But how can Mark’s Jesus preach that the time is fulfilled when the world’s history continues with disaster upon disaster, injustice upon injustice, violence upon violence, hatred upon hatred, and greed upon greed? If the time is already fulfilled, then what are we to make of the redemption, much of which is clearly yet to come?
Yet Jesus, who still walks among us, doesn’t set about explaining or making excuses for God. Rather, Jesus calls upon people, using an imperative, to respond to his declaration, “Repent, and believe in the good news!” Jesus walks among those of his own day, and continues to walk among us in our own. Jesus invites us to assume our full identity, new each day, even those of us who have begun to experience his call in our lives.
Wisdom 6:12-16 / Matthew 25:1-13
So which am I? Foolish or wise? Am I ready to join in the marriage feast, to go into the banquet hall? Or am I unprepared, not even knowing the day or the hour? Is my lamp made ready with fresh supplies of oil to give light for the Bridegroom when he comes? Or will I be locked out by my own failure to know what is needed and to have it at hand? Are my mind and my heart open to the Wisdom of God who invites me? Or am I isolated in a foolishness of thinking myself to be awake, yet still living in the darkness of self-concern and complacency? Wise or foolish…which are you?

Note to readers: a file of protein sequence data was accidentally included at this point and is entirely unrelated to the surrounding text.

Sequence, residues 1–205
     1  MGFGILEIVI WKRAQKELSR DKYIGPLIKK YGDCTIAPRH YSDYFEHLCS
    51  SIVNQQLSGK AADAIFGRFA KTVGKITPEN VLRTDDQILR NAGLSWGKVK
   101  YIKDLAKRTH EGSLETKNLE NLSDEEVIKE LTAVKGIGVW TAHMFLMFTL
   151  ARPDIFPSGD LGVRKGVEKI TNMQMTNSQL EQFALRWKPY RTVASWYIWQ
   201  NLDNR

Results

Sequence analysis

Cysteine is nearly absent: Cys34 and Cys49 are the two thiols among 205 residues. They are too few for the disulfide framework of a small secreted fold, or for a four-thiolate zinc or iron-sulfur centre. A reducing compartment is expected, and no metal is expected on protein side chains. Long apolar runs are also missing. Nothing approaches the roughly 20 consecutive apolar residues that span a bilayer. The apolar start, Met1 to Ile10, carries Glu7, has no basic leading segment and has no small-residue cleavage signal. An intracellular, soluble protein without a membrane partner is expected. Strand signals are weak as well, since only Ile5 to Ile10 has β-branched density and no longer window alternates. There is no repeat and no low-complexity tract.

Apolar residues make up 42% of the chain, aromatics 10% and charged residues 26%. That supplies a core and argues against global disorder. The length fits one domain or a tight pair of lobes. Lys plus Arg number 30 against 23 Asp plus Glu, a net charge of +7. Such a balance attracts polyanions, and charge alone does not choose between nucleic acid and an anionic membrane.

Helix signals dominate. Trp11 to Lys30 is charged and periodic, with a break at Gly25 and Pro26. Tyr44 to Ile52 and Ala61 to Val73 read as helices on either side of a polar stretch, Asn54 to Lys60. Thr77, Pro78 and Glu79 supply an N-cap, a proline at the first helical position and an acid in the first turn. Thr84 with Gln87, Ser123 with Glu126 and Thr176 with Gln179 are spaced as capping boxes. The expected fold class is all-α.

Jesus challenged his hearers with this question of wisdom and foolishness earlier in the Gospel according to Matthew. Indeed, he concludes the Sermon on the Mount with the parable of a wise and of foolish man, each building a house. (Matt. 7:24-27) The wise man builds on rock so that the house can withstand rain and wind and flooding. “Everyone who hears these words of mine and acts on them will be like this one,” says Jesus. But “great will be the fall” of the house which the foolish man builds on sand, unready for the inevitable storms which human life brings, both literally and figuratively.
Romans 4:1-5, 13-17
Though cautiously doing so by night, still, Nicodemus feels compelled to come to Jesus. This elder, a respected leader among the religious authorities, comes to see the mysterious rabbi from Galilee. However, mere curiosity does not motivate Nicodemus’ visit. He seems, rather, to be one of the “many [who] believed in [Jesus’s] name because they saw the signs that he was doing” (John 2:23) during that first Jerusalem Passover festival at which Jesus appears in John’s gospel.
“Rabbi, we know that you are a teacher who has come from God; for no one can do these signs that you do apart from the presence of God.”(John 3:2) Nicodemus, I would say, exhibits a certain amount of courage and imagination. Courage in approaching Jesus in the wake of his disruptive action in the temple; imagination in that though there is much that Nicodemus already knows of God, he comes to Jesus aware that there is likely still much that he does not know.
In the first creation story told in the Book of Genesis, God’s spirit broods over the waters of chaos and speaks the universe into being, “Let there be light”—the first day of God’s creating work. Over a succession of five days, God continues creating—dry land, the dome of the heavens, winged birds, earthly creatures and humankind—and blessing everything that God has brought into being, pronouncing it all “very good.”
Then comes the seventh day: “And on the seventh day God finished the work that he had done, and he rested on the seventh day from all the work that he had done.” After much creative labor, God takes “a day off,” simply to enjoy the fruits of this work and delight in all that creativity. “So God blessed the seventh day and hallowed it, because on it God rested from all the work that he had done in creation.”